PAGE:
The internal struggle between America’s party of war, represented by “supreme hawk” Hillary Clinton, and its opponents is going on in Washington. The US “party of peace” is seeking a détente with Russia to de-escalate tensions and resolve regional crises.
Western mainstream media sources remain mute about the danger posed by the West’s new Cold War against Russia, Professor Stephen F. Cohen highlighted.
“We’re approaching a Cuban Missile Crisis-level nuclear confrontation with Russia, both along Russia’s borders and possibly over Syria. And there is absolutely no discussion, no debate, about this in the American media,” Stephen F. Cohen, professor emeritus of Russian studies at New York University and Princeton University, noted on CNN’s Saturday morning show Smerconish.
In this context, the position of Republican presidential nominee Donald Trump looks like a real breakthrough.
“Trump speaks elliptically. You’ve got to piece together what he says. But he seems to want a new American policy toward Russia,” the US academic stressed.
“And considering the danger, I think we as American citizens deserve that debate, and not what we are given in the media today, including on the front page of the New York Times,” he added.
However, Trump’s “pro-Russian” remarks have triggered an instant backlash from Clinton’s camp.
Democratic presidential candidate Hillary Clinton branded Russia as a substantial threat to the US security along with Daesh (ISIS/ISIL) in her nomination speech at Democratic National Convention on July 28.
Thereby, in response to Trump’s attempt to change the mainstream anti-Russian narrative, the Clinton campaign has labeled the Republican nominee “Putin’s agent.”
In his latest interview on the John Batchelor Show, Professor Cohen noted that a covert struggle is going on between the “party of war,” represented by “supreme hawk” Hillary Clinton, and the “peace party” which is seeking to reach a détente with Russia.
The US academic stressed that there is nothing new in Trump’s attempts to soften up the anti-Russian rhetoric. Decades ago, American presidents Richard Nixon and Ronald Reagan took steps aimed at the resolution of tensions between the US and the USSR for the sake of world peace.
When the Cold War becomes too dangerous, we have to move toward détente, as Nixon did and President Reagan did later, the US scholar emphasized.
“Donald Trump is proposing a kind of détente with Russia,” Professor Cohen emphasized.
In addition, it is Donald Trump who has openly thrown today’s NATO mission into question.
The professor pointed out that since the collapse of the USSR and the Warsaw Pact, NATO’s expansion toward Russia’s borders appears to be the Alliance’s main mission.
“The expansion of NATO over a twenty years period began with [US President Bill] Clinton in Berlin where the divide was, and [stretched] all the way to Russia’s borders… it has been the largest expansion in modern history,” he underscored.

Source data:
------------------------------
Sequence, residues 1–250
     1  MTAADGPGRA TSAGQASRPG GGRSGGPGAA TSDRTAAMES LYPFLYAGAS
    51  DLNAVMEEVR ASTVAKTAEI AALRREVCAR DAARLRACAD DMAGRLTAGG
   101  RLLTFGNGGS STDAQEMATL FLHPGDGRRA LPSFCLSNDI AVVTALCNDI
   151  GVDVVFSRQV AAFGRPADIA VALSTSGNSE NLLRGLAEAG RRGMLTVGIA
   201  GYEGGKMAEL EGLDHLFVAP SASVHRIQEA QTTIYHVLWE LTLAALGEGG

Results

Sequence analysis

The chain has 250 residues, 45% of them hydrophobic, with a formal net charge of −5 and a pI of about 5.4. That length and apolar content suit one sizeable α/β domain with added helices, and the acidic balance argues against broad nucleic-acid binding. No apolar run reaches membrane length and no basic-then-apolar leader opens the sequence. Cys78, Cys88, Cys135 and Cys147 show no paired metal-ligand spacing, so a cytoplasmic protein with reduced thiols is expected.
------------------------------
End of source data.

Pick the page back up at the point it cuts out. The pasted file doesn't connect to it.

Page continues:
The Alliance has absorbed the Baltic States and given the aspiration of the America-controlled part of Ukraine and also Georgia to join NATO, Russia sees its former security zone as having been brought under the control of the US-led military bloc, the professor noted. Predictably, it has aggravated tensions between Russia and NATO.
However, in the course of its expansion in the 2000s the Alliance did not declare Russia a threat. On the other hand, since the 9/11 terror attacks, international terrorism has been regarded as a major menace to US security.
Then the question arises why the US-led NATO bloc had not been focusing on fighting terrorists all these years. This question has been simmering for a rather long time, but Donald Trump has turned the spotlight on it.
“He is dramatizing, he’s become a kind of megaphone for people in this country who’ve been trying to get these questions into the mainstream,” the US academic emphasized.
According to the professor, Syria and Ukraine remain the two epicenters of the Cold War between the West and Russia.
While the party of peace has taken a series of steps toward cooperation with Russia in Syria, the party of war, and particularly US Defense Secretary Ashton Carter, is opposing these developments. As a result, the negotiations have stalled, the US professor remarked.
Meanwhile, the Russo-Syrian forces have gained ground in the Aleppo region. If the Syrian Arab Army recaptures the city from Islamists, including the former al-Nusra Front and Daesh, Damascus will restore its control over Syria, the scholar added.
Cohen believes that the Russo-American cooperation in Syria could have paved the way for a peaceful resolution of the Ukrainian crisis by Washington and Moscow.
Still, there are signs emerging that the Clinton camp is preparing for an all-out war in Syria against President Bashar al-Assad. The war is likely to begin sooner rather than later, should Hillary Clinton win the presidential election in November.
“The clear signals of Clinton’s readiness to go to war appears to be aimed at influencing the course of the war in Syria as well as US policy over the remaining six months of the Obama administration,” US investigative journalist Gareth Porter noted in one of his articles for Consortiumnews.com.
It seems that the prospects of the Russo-American détente would be bleak If Hillary Clinton, backed by the party of war, comes to power.
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